Date
20 October 2017
Macau casinos are hurting from an unrelenting anti-corruption drive in mainland China. Slowing gaming revenue is contributing to its grim economic prospects, according to Moody's. Photo: Internet
Macau casinos are hurting from an unrelenting anti-corruption drive in mainland China. Slowing gaming revenue is contributing to its grim economic prospects, according to Moody's. Photo: Internet

Moody’s sees grim Macau outlook, cuts sovereign rating

Moody’s Investors Service has slashed Macau’s sovereign credit rating, reflecting concerns the world’s biggest gaming hub is headed for volatile growth amid slumping casino revenue.

Macau was downgraded by one grade to Aa3 and assigned a negative outlook, Bloomberg reports, citing a statement from the rating agency.

Moody’s also lowered Macau’s long-term foreign currency bond ceiling to Aa2 from Aaa and its long-term foreign currency deposit ceiling to Aa3 from Aa2.

“We expect the economy will continue to contract during 2016 and 2017, although the pace of decline may ease,” Moody’s said.

While the government has tried to diversify the economy, “strategies center primarily around broadening Macau’s gaming and tourism market, leaving growth volatile and susceptible to shifts in external demand”.

In response, Macau’s monetary authority said it has “fundamentally sound” economic and financial conditions and noted that Moody’s had also assigned Aa3 ratings to mainland China and Belgium.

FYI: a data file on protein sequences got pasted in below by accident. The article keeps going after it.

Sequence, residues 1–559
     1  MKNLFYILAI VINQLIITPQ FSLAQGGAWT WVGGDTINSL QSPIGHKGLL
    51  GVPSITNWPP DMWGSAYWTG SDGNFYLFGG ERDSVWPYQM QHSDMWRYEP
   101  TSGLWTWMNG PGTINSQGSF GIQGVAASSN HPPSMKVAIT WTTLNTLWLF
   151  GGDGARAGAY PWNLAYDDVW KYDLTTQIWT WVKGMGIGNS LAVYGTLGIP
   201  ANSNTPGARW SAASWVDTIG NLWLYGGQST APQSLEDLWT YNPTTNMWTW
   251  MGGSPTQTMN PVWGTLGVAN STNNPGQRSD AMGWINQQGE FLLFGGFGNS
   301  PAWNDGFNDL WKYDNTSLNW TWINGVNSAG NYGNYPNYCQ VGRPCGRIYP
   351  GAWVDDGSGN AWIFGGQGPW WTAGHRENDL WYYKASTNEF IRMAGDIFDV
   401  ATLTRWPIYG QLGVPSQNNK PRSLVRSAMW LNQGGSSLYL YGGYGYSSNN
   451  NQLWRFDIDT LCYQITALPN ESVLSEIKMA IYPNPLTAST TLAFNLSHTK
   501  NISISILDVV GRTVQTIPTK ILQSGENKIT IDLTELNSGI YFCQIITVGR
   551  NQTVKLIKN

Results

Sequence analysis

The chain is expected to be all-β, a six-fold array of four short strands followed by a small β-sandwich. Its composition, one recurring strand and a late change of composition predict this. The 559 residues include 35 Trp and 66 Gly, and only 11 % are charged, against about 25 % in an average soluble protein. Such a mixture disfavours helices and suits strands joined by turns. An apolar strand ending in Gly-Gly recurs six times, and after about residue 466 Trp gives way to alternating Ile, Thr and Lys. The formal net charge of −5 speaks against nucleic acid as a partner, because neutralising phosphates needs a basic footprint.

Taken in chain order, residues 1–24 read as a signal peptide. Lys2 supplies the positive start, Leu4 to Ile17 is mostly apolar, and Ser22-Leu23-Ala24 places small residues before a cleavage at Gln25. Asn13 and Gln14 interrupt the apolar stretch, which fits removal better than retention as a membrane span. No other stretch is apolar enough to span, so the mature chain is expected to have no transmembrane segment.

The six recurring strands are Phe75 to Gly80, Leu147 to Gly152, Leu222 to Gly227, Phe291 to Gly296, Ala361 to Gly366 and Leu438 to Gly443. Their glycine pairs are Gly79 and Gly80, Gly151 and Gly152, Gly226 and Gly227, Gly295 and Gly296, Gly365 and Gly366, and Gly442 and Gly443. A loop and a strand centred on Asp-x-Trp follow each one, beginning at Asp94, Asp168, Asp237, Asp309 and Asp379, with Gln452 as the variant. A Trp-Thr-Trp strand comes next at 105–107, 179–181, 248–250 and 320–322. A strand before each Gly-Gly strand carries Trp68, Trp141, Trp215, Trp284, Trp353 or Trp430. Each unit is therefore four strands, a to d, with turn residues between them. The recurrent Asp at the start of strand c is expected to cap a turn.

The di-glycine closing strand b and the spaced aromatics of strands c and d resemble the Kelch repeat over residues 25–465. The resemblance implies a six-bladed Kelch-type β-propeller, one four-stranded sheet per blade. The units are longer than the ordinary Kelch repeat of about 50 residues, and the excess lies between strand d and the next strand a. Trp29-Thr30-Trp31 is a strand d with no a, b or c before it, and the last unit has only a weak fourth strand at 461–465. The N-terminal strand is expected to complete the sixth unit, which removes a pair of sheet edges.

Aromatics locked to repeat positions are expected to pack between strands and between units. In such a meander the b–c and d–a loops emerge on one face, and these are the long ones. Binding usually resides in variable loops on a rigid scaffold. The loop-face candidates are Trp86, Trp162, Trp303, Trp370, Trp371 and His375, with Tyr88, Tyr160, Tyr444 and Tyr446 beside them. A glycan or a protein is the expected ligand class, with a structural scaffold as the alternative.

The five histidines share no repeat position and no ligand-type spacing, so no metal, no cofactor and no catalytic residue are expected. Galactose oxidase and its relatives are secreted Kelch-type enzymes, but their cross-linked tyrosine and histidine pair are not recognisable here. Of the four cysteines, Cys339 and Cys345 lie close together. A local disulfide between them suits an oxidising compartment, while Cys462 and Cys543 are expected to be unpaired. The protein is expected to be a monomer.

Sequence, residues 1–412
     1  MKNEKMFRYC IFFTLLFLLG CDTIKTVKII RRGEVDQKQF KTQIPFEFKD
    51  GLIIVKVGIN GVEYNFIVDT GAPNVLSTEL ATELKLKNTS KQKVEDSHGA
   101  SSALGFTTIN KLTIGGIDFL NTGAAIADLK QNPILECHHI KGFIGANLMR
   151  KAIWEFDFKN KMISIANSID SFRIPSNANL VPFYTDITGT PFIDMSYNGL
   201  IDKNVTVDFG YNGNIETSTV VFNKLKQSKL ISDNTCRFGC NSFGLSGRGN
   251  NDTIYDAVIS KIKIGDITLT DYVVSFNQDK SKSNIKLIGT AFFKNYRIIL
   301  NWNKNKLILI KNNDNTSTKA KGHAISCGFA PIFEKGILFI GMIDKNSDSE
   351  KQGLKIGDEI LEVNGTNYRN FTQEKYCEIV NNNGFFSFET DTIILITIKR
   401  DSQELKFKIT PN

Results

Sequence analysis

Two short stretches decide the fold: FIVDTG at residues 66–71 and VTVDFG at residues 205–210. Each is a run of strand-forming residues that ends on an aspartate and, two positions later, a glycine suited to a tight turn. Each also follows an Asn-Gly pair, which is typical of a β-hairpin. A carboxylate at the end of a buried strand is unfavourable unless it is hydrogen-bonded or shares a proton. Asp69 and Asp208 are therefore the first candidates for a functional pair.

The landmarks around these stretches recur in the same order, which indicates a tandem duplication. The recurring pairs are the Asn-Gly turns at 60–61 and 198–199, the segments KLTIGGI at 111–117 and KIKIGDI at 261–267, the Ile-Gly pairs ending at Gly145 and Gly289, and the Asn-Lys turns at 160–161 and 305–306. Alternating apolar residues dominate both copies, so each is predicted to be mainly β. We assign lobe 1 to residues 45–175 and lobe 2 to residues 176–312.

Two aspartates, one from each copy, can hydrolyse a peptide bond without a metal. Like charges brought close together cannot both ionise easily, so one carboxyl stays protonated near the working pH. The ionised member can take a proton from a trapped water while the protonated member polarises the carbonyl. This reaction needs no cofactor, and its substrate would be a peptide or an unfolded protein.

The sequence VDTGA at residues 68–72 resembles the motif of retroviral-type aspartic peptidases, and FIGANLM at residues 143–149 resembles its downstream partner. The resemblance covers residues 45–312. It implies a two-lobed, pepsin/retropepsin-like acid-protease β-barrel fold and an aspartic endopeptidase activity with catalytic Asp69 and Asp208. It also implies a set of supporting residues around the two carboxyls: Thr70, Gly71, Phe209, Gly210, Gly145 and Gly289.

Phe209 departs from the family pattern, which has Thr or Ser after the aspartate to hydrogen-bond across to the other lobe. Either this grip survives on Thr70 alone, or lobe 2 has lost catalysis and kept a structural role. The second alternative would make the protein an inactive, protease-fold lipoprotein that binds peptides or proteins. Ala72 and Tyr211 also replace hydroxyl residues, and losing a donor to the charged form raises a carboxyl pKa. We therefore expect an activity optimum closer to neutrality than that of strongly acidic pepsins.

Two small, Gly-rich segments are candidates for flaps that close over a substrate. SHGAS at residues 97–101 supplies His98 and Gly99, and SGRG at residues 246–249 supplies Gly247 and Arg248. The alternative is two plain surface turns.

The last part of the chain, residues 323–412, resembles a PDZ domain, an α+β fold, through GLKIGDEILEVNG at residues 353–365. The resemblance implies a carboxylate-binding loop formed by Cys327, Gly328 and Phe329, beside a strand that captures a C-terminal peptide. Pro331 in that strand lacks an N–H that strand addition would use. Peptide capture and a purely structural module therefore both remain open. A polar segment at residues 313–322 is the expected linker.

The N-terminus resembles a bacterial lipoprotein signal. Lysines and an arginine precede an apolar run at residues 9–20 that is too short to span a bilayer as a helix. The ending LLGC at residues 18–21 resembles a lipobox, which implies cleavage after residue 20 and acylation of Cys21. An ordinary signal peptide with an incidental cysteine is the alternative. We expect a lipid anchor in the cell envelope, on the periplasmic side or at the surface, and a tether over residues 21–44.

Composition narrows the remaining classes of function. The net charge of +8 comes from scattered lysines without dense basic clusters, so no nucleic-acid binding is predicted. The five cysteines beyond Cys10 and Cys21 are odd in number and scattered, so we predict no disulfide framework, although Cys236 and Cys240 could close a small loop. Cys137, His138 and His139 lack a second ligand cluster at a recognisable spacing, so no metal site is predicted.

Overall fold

Macau’s long-term prospects would be supported by its “solid external financial position, credible policy framework and reliable linked exchange-rate system”, the monetary authority said.

Macau, which is due to announce its first quarter gross domestic product on May 30, saw its economy contract 20.3 percent in 2015 as its casinos were hit by China’s slowdown and a government anti-corruption campaign.

VIP gaming — the big money spinner for Macau — has been hammered by President Xi Jinping’s crackdown which has deterred high rollers from traveling to the only Chinese city where gaming is legal.

Bloomberg Intelligence’s index of Macau gaming stocks rose 16 percent in the first quarter after about US$46 billion of market value was wiped out last year from the city’s six gambling houses.

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